Jean Monnet Center at NYU School of Law


Author: Ayelet Shachar

Title: Children of a Lesser State: Sustaining Global Inequality through Citizenship Laws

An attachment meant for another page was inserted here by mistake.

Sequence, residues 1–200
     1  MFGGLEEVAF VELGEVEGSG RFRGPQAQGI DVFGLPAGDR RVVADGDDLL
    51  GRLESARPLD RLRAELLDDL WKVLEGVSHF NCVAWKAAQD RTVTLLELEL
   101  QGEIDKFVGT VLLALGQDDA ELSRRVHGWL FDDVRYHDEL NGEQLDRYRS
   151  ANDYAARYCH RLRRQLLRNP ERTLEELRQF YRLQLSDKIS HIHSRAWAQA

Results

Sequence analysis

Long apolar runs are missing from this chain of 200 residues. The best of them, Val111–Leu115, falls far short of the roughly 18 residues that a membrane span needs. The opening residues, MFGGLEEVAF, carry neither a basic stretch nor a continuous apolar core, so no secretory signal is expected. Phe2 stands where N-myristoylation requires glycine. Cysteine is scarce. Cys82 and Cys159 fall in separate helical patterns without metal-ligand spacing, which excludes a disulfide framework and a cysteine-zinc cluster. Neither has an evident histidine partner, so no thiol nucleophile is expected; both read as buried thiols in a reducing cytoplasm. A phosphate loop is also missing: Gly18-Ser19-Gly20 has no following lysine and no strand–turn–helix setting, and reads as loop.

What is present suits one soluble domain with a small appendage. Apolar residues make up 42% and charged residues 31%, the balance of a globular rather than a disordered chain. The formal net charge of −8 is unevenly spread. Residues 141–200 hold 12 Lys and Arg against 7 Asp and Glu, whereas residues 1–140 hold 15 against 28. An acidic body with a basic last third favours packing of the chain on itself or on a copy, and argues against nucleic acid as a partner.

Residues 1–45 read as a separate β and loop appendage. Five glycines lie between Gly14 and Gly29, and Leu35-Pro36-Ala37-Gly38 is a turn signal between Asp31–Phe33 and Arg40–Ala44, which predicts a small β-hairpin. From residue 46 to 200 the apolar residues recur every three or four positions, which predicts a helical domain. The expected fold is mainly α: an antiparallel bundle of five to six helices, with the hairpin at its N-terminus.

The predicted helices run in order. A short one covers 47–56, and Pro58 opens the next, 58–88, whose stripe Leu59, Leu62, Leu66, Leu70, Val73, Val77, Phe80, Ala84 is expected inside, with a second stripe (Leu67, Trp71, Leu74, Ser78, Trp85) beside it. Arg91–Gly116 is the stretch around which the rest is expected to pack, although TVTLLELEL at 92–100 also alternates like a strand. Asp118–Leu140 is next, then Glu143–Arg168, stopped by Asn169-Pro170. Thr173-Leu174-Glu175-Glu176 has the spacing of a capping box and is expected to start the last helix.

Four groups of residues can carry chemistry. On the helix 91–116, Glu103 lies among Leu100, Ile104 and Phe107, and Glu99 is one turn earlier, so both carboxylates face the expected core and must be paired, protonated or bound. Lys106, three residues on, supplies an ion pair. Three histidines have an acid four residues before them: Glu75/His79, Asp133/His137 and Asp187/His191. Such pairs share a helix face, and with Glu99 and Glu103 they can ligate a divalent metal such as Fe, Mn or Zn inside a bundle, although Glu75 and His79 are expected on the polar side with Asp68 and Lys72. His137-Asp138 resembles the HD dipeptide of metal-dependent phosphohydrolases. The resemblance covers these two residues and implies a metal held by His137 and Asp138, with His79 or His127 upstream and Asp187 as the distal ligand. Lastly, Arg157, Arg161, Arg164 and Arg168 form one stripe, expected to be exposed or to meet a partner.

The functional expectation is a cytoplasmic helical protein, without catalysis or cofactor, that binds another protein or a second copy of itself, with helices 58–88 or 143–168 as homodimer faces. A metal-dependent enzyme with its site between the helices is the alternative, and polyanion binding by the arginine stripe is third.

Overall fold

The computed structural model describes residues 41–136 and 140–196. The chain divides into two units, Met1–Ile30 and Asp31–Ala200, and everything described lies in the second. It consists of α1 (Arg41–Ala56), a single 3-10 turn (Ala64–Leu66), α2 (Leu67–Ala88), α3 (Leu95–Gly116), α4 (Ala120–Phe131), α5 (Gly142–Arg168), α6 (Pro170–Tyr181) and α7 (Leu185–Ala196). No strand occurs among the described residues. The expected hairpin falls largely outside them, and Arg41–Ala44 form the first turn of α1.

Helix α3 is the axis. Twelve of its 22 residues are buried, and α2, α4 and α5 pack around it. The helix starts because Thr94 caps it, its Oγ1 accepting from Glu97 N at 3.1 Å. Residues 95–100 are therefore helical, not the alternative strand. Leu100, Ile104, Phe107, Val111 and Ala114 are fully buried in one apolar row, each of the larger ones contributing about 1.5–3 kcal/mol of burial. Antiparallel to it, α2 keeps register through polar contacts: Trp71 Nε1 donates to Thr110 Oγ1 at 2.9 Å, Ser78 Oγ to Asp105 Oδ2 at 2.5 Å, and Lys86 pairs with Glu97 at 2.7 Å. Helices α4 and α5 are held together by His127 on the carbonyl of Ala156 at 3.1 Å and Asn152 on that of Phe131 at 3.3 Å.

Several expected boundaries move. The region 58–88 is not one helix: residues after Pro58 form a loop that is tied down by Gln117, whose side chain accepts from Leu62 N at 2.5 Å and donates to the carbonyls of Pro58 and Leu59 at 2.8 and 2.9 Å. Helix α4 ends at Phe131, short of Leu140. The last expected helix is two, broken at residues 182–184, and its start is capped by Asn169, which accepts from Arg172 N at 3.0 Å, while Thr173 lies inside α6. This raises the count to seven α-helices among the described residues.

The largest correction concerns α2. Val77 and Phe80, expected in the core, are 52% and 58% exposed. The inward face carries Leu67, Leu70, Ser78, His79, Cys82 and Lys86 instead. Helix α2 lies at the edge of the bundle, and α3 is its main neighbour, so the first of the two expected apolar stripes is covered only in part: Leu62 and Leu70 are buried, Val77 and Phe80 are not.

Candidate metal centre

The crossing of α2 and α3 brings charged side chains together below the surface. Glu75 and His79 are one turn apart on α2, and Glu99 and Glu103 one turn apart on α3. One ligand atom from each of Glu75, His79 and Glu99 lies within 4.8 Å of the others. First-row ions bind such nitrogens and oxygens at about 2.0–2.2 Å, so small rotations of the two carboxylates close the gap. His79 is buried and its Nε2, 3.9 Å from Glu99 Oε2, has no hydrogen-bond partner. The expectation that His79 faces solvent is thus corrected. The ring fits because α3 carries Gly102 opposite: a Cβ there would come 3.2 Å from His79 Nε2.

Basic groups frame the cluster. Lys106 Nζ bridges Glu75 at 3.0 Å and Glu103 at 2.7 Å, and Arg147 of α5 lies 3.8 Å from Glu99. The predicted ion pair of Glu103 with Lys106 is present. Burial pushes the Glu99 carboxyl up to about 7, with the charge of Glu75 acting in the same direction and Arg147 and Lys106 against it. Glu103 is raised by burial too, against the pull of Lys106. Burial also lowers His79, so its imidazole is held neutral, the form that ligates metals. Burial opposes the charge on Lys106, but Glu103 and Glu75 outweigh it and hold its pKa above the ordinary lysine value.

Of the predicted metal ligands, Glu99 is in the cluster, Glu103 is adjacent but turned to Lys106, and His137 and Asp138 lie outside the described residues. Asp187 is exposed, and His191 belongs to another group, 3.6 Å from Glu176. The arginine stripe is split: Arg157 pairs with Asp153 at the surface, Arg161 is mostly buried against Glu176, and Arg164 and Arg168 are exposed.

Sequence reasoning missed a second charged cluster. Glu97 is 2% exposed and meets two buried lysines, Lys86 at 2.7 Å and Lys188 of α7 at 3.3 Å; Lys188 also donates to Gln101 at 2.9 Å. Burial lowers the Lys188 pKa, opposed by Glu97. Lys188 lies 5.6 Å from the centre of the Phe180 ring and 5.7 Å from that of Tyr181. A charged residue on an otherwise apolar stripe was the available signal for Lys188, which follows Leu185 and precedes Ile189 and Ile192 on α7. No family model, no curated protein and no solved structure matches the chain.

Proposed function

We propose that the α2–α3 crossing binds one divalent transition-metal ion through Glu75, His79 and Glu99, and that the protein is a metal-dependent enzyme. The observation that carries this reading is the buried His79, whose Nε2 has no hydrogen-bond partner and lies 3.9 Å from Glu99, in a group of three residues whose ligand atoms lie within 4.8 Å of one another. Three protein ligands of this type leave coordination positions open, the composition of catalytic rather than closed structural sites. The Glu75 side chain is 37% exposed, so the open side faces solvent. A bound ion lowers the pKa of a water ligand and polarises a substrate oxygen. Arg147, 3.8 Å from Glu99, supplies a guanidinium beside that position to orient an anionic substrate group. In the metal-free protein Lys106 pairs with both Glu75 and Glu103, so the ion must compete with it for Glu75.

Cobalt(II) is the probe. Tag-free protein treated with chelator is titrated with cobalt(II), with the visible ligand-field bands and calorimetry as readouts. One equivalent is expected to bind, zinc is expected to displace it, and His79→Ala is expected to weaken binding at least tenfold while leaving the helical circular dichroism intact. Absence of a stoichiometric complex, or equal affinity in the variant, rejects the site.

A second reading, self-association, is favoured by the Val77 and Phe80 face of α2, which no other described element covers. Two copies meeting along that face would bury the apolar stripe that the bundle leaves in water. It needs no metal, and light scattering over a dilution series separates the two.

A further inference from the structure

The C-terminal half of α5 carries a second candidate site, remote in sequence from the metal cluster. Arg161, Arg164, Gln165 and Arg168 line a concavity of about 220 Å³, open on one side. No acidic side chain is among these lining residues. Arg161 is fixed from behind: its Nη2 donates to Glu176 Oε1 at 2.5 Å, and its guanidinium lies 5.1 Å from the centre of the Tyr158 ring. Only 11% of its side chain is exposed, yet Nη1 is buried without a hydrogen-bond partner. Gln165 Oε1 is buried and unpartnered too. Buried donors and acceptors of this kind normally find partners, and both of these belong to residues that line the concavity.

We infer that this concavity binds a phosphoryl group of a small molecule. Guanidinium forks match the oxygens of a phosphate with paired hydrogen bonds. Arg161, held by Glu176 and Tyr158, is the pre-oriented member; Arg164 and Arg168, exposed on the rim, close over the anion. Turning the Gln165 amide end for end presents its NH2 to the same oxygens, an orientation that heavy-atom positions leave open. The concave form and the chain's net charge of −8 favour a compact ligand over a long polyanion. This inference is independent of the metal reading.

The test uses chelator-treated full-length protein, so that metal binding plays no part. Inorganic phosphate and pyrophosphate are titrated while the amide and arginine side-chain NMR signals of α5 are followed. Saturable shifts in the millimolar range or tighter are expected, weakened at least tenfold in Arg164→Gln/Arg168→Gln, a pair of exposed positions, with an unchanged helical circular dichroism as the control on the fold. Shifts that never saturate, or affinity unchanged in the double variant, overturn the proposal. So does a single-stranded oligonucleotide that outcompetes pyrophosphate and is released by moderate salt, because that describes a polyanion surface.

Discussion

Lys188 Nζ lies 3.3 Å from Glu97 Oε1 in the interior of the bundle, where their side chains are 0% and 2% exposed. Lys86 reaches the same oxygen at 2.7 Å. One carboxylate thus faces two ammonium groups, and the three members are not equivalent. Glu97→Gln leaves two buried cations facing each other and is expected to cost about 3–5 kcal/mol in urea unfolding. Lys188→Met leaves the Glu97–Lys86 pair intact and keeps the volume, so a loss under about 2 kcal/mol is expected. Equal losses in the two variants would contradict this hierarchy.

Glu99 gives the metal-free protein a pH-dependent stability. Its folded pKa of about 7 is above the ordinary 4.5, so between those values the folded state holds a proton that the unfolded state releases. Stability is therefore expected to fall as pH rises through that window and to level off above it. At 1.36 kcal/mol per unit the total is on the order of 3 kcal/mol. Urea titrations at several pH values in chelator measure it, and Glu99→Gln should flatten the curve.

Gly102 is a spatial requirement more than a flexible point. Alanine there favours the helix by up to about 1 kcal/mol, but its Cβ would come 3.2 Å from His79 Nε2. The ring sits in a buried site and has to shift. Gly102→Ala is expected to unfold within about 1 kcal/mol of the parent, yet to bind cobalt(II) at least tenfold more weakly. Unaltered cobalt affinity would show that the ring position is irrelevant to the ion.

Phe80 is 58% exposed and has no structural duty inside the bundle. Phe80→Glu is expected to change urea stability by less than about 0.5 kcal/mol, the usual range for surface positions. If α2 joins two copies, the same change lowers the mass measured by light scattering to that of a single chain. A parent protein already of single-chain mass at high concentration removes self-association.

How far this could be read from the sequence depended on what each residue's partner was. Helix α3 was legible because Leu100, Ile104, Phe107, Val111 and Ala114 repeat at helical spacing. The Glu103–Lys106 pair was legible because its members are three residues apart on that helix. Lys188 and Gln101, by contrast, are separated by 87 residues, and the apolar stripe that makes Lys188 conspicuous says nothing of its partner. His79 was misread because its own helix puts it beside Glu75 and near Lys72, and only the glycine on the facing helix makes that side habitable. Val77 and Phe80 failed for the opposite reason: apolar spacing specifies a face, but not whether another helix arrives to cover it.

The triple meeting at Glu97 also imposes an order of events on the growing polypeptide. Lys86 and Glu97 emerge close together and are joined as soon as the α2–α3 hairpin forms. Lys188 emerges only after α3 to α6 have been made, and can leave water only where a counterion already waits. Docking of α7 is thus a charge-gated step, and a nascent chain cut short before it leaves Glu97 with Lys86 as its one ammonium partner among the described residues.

This paper critically assesses the connection between birth and political membership. It argues that the time is ripe for reconsidering the justifications for allotting citizenship according to birthright principles. Such attribution has too long served as a veil - shielding questions about the distribution of power, wealth, and opportunity from the realm of demos definition. The discussion proceeds in three main steps. First, I elucidate the basic principles of birthright citizenship attribution: jus soli and jus sanguinis, drawing on a set of examples taken from recent American, Canadian, German, and Israeli case law and legislation. Second, I explore the prevailing assumption that "civic" and "ethnic" nations follow fundamentally distinct rules and principles in allocating membership to their citizens. Third, I identify prevalent defenses of the jus soli and jus sanguinis principles, including arguments premised on democratic self-governance, administrative convenience, and respect for constitutive relationships and distinct cultural identities. These approaches fail to address the detrimental effects that current membership rules impose on the life chances of children (across national borderlines) "because of birthright" - involuntary circumstances that none of us control. Ultimately, extant theories of law and morality fail to provide justifiable grounds for upholding apportionment criteria of membership that currently limit the opportunities open to the vast majority of the world's population simply on the basis of considerations as arbitrary as ancestry or birthplace. In light of this critique, the concluding section of this paper offers an alternative understanding of the persistence of birthright citizenship principles. It reconceptualizes membership status in affluent political communities as a complex form of property right that perpetuates not only privilege but also access to a disproportionate accumulation of wealth and opportunity, while at the time insulating these important distributive decisions (through reliance on birthright) from considerations of justice and equality.

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